It feels like we've come forward leaps and bound on racial equality, but it honestly still feels like a lot people treat those with disabilities as an invisible subclass of inhuman monsters.
Disclaimer: I'm the father of a daughter with Down's
Leaping to judge someone’s entire mental landscape by comparison to racism, based on a single statement and possibly poor choice of words is so harsh as to be without value.
That's not the issue. The issue is thinking it's OK to make ludicrous, stereotypically comments about a huge group of people.
> Leaping to judge someone’s entire mental landscape by comparison to racism, based on a single statement and possibly poor choice of words is so harsh as to be without value.
I wholeheartedly disagree.
While my comment was in reply to a stereotyping comment, it was aimed at the wider group of people who still today spout such nonsense - I should have made that clearer tho. In particular, the doctor in the OP is a doctor, and should know better than to say such ridiculous things.
I also think the comparison to racism is valid. Many of the discriminating comments against those with disabilities are made out of ignorance. We've come a long way legislating and educating people about race, and it's made an incredible difference (at least in the UK; I realise the situation in the US is complex to say the least), and I think it's high time people stopping thinking it was OK to make comments like "all Down's are happy".
So, dare I ask, how should our apocryphal doctor rephrase his encouragement so as to not run afoul of these rules against sweeping or outdated expressions?
From the article:
"they’re such happy people."
So no, I'm absolutely not twisting anything - this statement cannot be interpreted as anything other than stereotyping. He obviously meant well, but the fact he would say this shows his own ignorance of people with Down's Syndrome.
This isn't just about my life experiences, it's about the rights of people with disabilities.
The way I see it, you are twisting my offence at your words, in an attempt to justify your discrimination (perhaps to yourself).
The real risk to you is that you end up alienating people who are otherwise completely on your side (and your daughter's side), and whose help or support you (and she) may benefit from. For no good reason.
I notice you didn't answer my question.
Not directly no: IMO, the doctor should have educated, rather than patronised (however well-meant) - for example, he could have explained how incredibly better outcomes are for those with DS nowadays. (another posted here commented on this too).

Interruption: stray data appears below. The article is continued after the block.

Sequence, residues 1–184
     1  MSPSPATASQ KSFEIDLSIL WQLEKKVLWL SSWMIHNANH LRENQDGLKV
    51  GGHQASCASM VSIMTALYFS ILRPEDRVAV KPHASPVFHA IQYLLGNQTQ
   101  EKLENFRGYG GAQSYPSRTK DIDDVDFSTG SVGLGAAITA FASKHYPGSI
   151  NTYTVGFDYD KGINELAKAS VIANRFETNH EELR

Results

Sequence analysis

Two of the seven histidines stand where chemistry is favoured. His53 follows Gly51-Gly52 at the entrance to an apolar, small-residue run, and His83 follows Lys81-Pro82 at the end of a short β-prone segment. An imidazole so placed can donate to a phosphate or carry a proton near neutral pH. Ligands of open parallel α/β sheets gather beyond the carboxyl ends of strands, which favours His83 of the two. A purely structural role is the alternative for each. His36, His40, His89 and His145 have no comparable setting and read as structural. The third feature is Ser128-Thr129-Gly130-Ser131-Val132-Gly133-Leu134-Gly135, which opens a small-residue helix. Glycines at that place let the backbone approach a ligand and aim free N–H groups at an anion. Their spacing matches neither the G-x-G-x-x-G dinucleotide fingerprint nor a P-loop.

> The real risk to you is that you end up alienating people who are otherwise completely on your side (and your daughter's side), and whose help or support you (and she) may benefit from. For no good reason.
So, I am normally careful not to do this, and favour educating people over attacking them, precisely because they mean no malice with the stereotypes they help to enforce. Before I became a father, I knew little of DS, or indeed the lives of those with disabilities, and undoubtedly harboured some of the same stereotypes, simply out of ignorance.
I may have let my emotions run away a bit in this thread (sorry, it's been a difficult week...), but I still believe we need to stop thinking it's OK to to enforce false stereotypes of large groups of people. We've made huge progress on gender equality, racial equality, religious equality, sexual equality and gender identity - I think it's time we did some of the same for the rights of people with disabilities.
This is a difficult problem to solve, but I believe a good start would be to better integrate children with disabilities into mainstream schooling. Of course, there are some children that are not going to thrive in mainstream education, and better prosper in a specialised setting - but there is a large group who can thrive in mainstream education with only a minimum of accomodations being made. This would help to make those with disabilities less invisible, and typical kids would learn from a very young age that we are all just people, and not so different.
I bet the doctor doesn’t refer to a race as “they” along with a singular characteristic. Why would a disability be different?
It’s the same as when people expect all people on the spectrum to be savants.
"Black American males have higher rates of heart disease than their white counterparts"
That black American males are a "they" in this sentence is an unavoidable feature of the language. How are we supposed to make statements like these without being accused of othering?